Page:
Topic:
Inventors -- 20th century  Search this
Inventions -- 20th century  Search this
Engineers -- 20th century  Search this
Spectrum analysis  Search this
Spectroscope  Search this
Spectrophotometry  Search this
Scientific apparatus and instruments industry  Search this
Spectrometer  Search this
Argon plasmas  Search this
Echelle gratings  Search this
Genre/Form:
Business records -- 1950-2000
Black-and-white photographs -- 1950-2000
Financial records -- 1050-2000
Correspondence -- 1950-2000
Lantern slides
Laboratory notebooks -- 1950-2000
Patents -- 1950-2000
Manuals -- 1950-2000
Reports -- 1950-2000
Printed materials -- 1950-2000
Writings -- 1950-2000
Citation:
William G. Elliott Spctra-Span Records, ca. 1958-1988, Archives Center, National Museum of American History.
Identifier:
NMAH.AC.1361
Archival Repository:
Archives Center, National Museum of American History
EDAN-URL:
ead_collection:sova-nmah-ac-1361

Marion O'Brien Donovan Papers

Creator:
Dodd, Sharon Donovan  Search this
Donovan, Christine  Search this
Donovan, James F. Jr., Dr.  Search this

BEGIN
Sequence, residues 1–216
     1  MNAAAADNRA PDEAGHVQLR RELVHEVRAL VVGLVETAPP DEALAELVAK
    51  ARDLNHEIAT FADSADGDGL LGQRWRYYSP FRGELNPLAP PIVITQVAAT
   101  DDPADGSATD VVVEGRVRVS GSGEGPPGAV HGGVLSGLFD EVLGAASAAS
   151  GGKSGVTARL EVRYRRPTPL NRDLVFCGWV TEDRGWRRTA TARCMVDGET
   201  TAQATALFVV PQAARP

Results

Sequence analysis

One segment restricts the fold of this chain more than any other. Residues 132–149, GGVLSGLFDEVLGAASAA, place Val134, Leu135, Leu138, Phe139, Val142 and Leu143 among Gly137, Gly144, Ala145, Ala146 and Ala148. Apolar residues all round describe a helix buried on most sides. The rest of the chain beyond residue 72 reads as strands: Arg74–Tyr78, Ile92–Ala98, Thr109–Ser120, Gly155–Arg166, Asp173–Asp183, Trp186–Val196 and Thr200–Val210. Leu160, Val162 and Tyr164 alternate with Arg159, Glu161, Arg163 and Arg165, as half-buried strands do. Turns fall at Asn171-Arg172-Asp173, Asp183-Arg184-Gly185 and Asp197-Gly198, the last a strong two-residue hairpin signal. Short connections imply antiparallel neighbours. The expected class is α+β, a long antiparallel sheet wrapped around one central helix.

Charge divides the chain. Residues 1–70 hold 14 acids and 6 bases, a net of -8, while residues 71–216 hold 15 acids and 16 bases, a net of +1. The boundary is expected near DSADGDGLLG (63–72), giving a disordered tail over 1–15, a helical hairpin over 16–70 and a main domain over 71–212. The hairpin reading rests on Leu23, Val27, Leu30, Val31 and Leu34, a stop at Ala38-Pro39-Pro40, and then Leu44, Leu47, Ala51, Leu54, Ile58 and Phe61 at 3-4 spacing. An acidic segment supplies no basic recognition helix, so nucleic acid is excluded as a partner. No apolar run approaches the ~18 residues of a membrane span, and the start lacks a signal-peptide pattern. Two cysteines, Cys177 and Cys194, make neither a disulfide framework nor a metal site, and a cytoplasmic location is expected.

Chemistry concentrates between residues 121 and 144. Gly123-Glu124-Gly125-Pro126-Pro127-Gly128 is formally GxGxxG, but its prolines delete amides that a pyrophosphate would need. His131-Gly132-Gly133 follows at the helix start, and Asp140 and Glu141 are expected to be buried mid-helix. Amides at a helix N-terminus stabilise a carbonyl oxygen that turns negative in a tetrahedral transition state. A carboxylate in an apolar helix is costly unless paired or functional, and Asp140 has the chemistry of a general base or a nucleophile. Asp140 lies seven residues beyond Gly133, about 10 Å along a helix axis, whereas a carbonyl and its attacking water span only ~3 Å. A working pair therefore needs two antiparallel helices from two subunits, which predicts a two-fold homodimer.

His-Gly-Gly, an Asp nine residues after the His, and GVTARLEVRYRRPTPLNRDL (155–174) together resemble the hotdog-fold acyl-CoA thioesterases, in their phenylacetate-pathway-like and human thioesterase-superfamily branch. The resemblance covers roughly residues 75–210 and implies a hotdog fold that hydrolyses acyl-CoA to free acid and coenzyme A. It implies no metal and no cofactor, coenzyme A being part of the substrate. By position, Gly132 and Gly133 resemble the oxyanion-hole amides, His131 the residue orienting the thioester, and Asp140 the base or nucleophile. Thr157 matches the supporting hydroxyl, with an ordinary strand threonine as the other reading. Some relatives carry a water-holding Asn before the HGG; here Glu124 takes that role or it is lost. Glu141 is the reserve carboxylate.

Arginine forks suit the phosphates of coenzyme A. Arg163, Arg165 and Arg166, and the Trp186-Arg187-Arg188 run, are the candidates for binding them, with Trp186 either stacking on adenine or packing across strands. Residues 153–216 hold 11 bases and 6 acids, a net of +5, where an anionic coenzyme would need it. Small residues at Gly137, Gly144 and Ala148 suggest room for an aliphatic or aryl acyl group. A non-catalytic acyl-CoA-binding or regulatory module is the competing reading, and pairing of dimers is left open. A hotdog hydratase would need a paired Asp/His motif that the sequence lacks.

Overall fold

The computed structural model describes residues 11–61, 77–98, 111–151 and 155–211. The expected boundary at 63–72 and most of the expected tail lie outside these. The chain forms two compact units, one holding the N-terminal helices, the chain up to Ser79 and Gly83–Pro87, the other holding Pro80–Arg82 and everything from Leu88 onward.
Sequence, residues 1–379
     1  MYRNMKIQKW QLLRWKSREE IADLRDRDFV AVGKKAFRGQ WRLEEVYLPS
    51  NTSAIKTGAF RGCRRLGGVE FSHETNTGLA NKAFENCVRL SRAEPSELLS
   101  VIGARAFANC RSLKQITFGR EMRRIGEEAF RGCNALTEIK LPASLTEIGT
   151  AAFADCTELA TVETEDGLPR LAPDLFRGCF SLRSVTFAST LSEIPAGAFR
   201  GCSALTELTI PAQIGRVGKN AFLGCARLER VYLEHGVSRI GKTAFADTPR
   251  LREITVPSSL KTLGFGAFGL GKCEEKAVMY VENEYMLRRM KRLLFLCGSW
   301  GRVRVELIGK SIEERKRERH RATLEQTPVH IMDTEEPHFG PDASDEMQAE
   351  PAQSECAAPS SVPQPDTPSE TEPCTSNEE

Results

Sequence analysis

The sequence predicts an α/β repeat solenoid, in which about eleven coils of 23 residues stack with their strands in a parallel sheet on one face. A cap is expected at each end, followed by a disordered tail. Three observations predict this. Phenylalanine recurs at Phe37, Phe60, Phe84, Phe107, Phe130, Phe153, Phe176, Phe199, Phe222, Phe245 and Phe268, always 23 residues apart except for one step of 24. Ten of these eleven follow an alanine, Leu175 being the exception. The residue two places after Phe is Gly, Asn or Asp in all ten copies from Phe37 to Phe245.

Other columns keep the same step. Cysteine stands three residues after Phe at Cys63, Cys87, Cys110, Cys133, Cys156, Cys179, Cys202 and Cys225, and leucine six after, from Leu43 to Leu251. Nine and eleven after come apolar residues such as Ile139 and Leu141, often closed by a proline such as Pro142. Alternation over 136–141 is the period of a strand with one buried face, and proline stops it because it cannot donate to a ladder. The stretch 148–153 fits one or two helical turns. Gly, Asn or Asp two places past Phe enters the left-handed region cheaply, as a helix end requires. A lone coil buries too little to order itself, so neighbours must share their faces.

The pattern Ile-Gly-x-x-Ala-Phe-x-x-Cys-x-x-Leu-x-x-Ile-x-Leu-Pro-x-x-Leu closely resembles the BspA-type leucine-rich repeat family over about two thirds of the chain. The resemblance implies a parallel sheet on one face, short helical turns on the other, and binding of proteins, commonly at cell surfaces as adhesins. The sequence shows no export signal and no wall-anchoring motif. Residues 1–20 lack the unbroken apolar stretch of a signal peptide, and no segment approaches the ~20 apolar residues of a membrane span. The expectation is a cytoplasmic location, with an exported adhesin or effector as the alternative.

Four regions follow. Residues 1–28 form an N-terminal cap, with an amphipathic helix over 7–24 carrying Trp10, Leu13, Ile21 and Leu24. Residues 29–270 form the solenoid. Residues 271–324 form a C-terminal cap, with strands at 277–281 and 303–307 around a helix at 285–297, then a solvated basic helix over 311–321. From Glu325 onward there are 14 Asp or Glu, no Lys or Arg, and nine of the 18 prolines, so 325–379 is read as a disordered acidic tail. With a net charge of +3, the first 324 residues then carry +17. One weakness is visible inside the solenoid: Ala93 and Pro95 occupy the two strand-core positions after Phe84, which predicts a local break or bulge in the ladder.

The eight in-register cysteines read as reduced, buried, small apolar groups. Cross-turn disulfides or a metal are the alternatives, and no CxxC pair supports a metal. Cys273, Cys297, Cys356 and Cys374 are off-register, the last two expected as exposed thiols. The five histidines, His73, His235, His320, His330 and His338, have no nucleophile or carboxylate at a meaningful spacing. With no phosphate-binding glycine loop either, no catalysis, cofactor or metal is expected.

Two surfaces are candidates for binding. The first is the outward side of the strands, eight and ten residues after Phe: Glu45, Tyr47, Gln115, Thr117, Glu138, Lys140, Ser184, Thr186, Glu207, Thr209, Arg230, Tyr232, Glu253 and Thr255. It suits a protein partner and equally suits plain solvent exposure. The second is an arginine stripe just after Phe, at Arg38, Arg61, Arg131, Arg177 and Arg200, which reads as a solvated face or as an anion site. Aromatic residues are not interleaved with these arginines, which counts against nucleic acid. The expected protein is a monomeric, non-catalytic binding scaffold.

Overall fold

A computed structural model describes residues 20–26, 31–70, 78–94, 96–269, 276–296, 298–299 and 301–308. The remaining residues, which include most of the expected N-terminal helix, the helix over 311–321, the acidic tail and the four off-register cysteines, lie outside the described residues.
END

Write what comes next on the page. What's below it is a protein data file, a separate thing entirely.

Donovan, Marion O'Brien, 1917-1998 (woman inventor)  Search this
Rabinow, Jacob, 1910-  Search this
Walters, Barbara  Search this
Names:
Keko Corporation.  Search this
Saks Fifth Avenue.  Search this
Extent:
7 Cubic feet (17 boxes)
Type:
Archival materials
Collection descriptions
Videotapes
Sketches
Publications
Publicity photographs
Photographs
Advertising mail
Scrapbooks
Clippings
Birth certificates
Correspondence
Color prints (photographs)
Dye diffusion transfer prints
Marriage certificates
Patent drawings
Date:
1949-1999
Summary:
Correspondence, patents, photographs, newspaper clippings, and subject files about various inventors and ideas. Collection documents women inventors, American culture, 1950s-1970s, and products designed for women and the home. Donovan's papers offer a near complete invention record, including both successes and failures, as well as patent and trademark correspondence.
Scope and Contents:
The Donovan papers offer a near complete invention record, including both successes and failures, and include correspondence, photographs, patents, newspaper clippings, and subject files about various inventions and ideas. This collection documents direct marketing techniques for products designed especially for women and the home. It may be useful for researchers interested in women inventors and entrepreneurs, American culture from the 1950s through the 1970s, and advertising history.

Series 1: Personal Papers and Biographical Materials, 1917-1999